Nick Cave & The Bad Seeds
Ghosteen
Ghosteen Records

Nick Cave has been making music in the public eye for over 40 years now.  He burst onto the scene in the late 1970s fronting the legendary Australian post-punk band, The Birthday Party.  They split in 1983, and he formed the Bad Seeds, one of the most enduring bands of our era.  Cave is not a singular artist, he has always relied on collaborations. The Birthday Party was a band, and the songs were written by a collection of the members, including guitarist Mick Harvey, who followed him to the Bad Seeds.  In the long and varied career of the Bad Seeds, Harvey, Blixa Bergeld, and now, Warren Ellis, have been Cave’s main men.  His relationship with Ellis, the Bad Seeds’ resident freak, has been particularly fruitful over the past two decades, through the varied output of the Bad Seeds, but also with the short-lived power trio with drummer Jim Sclavunos (who also does drums and percussion with the Bad Seeds), Grinderman.

Ghosteen marks the conclusion of a trilogy that began with 2013’s Push the Sky Away, and continued through 2016’s Skeleton Tree.  But partway through this trilogy, in summer 2015, Cave’s 15-year old son with his long-time wife, Susie, fell to his death from a cliffside in England.  I don’t know how a parent gets through this, to be honest.  A few years back, a good friend of mine lost her eldest to cancer.  My heart broke for her, and her grief was real and visceral, and even all these years later, her gried still bubbles to the surface now and then.  But somehow, like Cave, she has pushed on.

Skeleton Tree was very much an album in the wake of Arthur Cave’s death, it was a difficult and complicated listen. It was also glorious and beautiful.  My niece says she didn’t like Push the Sky Away.  I say, kids, what the fuck do they know?  I think it was also a beautiful, complicated album.  This trilogy comes on the heels of the rocked out version of the Bad Seeds that came out of Grinderman.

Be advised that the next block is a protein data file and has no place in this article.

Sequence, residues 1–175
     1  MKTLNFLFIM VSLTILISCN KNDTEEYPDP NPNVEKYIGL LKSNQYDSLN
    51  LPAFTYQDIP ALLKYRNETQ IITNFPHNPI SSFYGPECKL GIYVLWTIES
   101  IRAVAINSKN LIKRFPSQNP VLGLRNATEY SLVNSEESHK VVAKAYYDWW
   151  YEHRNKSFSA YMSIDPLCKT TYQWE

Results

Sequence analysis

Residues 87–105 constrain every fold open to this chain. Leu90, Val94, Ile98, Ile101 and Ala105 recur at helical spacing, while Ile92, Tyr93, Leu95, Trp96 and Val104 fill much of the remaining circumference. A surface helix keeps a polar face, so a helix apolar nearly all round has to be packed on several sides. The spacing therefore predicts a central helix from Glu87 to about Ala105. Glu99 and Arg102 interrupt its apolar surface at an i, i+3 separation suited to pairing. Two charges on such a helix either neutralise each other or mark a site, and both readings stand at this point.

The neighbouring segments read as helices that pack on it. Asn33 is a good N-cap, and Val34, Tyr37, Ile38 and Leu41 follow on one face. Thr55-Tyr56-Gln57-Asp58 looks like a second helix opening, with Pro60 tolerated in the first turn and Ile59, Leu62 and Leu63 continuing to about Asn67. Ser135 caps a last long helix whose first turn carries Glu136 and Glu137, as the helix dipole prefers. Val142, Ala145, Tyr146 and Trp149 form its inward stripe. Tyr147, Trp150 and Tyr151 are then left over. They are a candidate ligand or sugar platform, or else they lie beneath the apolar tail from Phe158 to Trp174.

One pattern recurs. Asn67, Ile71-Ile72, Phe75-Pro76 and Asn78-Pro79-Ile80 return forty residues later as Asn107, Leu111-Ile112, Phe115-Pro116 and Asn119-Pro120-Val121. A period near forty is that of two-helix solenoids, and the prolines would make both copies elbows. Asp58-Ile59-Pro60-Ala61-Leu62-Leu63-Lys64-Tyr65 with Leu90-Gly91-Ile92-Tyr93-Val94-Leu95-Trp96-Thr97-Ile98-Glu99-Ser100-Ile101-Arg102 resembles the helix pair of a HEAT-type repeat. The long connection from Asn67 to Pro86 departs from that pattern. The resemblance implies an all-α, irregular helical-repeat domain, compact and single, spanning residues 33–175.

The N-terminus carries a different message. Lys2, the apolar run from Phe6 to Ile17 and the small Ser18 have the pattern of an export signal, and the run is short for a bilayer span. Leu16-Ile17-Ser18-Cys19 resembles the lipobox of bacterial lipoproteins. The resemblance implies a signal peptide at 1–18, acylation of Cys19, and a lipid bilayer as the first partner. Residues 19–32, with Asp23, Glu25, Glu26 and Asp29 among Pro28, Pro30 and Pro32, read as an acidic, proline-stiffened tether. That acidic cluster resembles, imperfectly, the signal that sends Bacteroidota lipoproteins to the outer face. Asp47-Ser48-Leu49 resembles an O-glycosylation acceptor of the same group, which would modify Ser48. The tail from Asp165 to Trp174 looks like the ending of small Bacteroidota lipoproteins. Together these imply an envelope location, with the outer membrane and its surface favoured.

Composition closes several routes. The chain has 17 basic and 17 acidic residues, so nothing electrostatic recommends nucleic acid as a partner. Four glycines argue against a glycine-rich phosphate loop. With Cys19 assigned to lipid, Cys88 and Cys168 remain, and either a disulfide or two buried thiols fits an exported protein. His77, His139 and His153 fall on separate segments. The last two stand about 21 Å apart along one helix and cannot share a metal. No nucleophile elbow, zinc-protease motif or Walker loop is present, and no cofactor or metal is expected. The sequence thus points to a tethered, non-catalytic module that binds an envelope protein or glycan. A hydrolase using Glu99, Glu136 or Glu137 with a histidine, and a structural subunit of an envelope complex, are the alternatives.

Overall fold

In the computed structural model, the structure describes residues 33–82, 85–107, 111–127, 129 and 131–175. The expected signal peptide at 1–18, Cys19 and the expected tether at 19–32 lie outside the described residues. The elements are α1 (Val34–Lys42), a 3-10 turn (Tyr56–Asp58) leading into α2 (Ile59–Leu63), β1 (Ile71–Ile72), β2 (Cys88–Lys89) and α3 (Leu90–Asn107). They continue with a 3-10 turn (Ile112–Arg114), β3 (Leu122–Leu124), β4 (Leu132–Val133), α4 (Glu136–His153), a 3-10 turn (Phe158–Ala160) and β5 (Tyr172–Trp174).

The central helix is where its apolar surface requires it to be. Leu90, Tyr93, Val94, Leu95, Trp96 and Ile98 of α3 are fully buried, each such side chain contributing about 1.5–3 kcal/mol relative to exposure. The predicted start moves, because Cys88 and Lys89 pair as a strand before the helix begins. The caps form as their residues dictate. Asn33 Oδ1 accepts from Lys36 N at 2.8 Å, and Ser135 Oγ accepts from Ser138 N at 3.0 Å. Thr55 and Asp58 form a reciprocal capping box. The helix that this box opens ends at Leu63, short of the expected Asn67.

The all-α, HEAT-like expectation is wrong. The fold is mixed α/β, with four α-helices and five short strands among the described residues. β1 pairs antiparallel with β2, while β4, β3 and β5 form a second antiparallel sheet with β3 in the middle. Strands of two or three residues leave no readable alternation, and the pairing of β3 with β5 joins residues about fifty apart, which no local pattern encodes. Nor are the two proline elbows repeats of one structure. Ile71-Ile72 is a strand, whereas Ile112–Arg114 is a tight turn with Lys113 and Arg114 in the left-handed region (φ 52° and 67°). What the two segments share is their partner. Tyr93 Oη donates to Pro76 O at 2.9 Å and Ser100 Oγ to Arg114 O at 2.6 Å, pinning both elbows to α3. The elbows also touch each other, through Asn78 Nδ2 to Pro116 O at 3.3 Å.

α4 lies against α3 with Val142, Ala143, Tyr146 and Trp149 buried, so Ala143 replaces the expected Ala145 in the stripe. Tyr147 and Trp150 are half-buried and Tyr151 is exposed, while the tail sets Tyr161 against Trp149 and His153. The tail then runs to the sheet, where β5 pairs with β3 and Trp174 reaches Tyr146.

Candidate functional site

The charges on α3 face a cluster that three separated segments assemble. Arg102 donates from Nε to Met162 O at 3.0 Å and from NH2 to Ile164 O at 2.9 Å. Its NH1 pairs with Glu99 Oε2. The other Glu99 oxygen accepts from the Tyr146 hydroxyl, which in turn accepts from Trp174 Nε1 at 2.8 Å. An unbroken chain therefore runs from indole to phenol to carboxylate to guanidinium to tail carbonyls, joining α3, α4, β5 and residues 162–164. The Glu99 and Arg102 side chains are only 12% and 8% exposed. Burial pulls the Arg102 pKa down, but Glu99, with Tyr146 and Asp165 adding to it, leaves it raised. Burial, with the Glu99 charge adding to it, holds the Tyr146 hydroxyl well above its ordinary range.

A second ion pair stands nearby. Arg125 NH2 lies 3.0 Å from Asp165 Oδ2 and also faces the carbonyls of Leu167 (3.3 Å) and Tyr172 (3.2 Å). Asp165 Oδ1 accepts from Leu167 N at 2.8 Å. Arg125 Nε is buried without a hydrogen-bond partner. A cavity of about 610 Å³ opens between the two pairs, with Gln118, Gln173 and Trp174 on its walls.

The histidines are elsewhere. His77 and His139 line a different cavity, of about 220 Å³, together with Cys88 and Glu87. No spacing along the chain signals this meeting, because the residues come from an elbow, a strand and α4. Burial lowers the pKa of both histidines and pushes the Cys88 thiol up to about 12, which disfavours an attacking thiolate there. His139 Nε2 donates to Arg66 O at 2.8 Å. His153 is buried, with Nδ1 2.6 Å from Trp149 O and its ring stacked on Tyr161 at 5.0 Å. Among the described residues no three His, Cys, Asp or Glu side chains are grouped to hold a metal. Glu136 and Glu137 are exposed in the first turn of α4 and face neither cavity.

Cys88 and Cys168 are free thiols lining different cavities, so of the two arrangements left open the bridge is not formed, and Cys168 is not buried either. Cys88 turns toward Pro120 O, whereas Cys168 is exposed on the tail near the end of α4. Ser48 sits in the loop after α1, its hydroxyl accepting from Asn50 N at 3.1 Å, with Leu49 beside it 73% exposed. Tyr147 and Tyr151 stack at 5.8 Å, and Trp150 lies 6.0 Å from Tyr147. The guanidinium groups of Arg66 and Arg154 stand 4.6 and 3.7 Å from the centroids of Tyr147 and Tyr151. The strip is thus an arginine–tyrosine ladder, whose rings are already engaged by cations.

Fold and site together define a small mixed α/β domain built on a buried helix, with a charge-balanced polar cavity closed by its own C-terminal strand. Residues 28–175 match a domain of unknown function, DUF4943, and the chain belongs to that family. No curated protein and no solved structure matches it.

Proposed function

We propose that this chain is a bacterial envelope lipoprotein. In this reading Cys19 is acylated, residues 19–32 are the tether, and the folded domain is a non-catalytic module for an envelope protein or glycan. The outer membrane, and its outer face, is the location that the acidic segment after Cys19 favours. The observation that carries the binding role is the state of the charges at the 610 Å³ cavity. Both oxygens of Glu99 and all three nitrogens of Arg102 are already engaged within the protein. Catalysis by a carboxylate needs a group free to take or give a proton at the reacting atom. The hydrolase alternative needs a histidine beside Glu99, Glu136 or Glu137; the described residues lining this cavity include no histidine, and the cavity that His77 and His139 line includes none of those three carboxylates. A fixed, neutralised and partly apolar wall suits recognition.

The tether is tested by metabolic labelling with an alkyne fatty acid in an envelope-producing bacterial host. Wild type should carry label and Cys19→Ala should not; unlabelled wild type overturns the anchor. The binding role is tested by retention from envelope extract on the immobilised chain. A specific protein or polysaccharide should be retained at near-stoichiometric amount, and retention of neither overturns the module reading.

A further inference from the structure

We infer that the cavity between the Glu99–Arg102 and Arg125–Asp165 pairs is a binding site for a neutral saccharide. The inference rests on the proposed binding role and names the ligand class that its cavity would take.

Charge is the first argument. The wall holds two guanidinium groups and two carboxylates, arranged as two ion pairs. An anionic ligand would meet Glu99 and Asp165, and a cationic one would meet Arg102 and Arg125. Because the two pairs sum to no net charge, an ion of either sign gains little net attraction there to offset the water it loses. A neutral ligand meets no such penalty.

And so, we come to the brand new Ghosteen.  This is a heavy album, and ranks amongst the best in Cave’s long and varied career.  Lyrically, he continues his healing after Arthur’s death, but also widens the lens to look at our collective grief.   Much of The Skeleton Tree was written before, but recorded after Arthur’s death.  And yet, the grief in the man drips off the album.  But here, we get a bigger, collective sense of his grief.  I feel somewhat dirty discussing the man’s grief here, grief is multivaried, multidirectional, and complicated.  But, then again, he is an artist and his grief comes through his art.

Ghosteen is a double album, divided into two parts.  The first song cycle are the ‘children’ and the second cycle is the ‘parents.’  Lyrically, this album is almost uncomfortable Cave’s grief is so blunt in his lyrics.  The ghosteen is the migratory spirit across the album, and, as in all of Cave’s best works, it becomes the central organizing character of this album.

Album opener appears to be telling the nativity scene of Elvis Aaron Presley, the King of Rock’n’Roll, but that’s just the cover for Cave’s grief, which is manifest in the ending lyrics:

And I love you, and I love you, and I love you, and I love you
And I love you, and I love you, and I love you
Peace will come, a peace will come, a peace will come in time
A time will come, a time will come, a time will come for us
Peace will come, a peace will come, a peace will come in time
A time will come, a time will come, a time will come for us.

Ooof.  In the next track, ‘Bright Horses,’ Cave is tired of seeing the world for what it is.  And on  ‘Waiting For You,’ Cave sings:

Well, sometimes a little bit of faith can go a long, long way
Your soul is my anchor, I never asked to be freed
Well, sleep now, sleep now, take as long as you need

The album continues in this vein. Musically, the brilliant partnership between Cave and Ellis envelops Cave’s shattered lyrics, given them a safe place, holding them in the light, and gently guiding them home.  Sonically, this is one of the most beautiful albums I’ve heard in years.